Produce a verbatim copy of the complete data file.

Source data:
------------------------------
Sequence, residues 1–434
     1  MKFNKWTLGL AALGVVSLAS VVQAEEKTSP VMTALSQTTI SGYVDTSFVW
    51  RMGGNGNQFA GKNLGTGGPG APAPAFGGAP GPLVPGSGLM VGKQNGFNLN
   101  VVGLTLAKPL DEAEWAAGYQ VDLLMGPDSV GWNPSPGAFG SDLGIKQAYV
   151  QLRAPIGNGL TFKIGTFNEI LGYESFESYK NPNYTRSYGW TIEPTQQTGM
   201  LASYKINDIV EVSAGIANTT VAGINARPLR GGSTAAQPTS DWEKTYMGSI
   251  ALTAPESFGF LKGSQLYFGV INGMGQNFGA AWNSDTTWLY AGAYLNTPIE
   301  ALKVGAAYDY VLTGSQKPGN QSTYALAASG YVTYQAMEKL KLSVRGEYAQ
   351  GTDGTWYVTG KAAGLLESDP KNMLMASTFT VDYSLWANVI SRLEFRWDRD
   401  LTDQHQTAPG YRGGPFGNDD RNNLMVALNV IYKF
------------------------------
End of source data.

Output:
Sequence, residues 1–434
     1  MKFNKWTLGL AALGVVSLAS VVQAEEKTSP VMTALSQTTI SGYVDTSFVW
    51  RMGGNGNQFA GKNLGTGGPG APAPAFGGAP GPLVPGSGLM VGKQNGFNLN
   101  VVGLTLAKPL DEAEWAAGYQ VDLLMGPDSV GWNPSPGAFG SDLGIKQAYV
   151  QLRAPIGNGL TFKIGTFNEI LGYESFESYK NPNYTRSYGW TIEPTQQTGM
   201  LASYKINDIV EVSAGIANTT VAGINARPLR GGSTAAQPTS DWEKTYMGSI
   251  ALTAPESFGF LKGSQLYFGV INGMGQNFGA AWNSDTTWLY AGAYLNTPIE
   301  ALKVGAAYDY VLTGSQKPGN QSTYALAASG YVTYQAMEKL KLSVRGEYAQ
   351  GTDGTWYVTG KAAGLLESDP KNMLMASTFT VDYSLWANVI SRLEFRWDRD
   401  LTDQHQTAPG YRGGPFGNDD RNNLMVALNV IYKF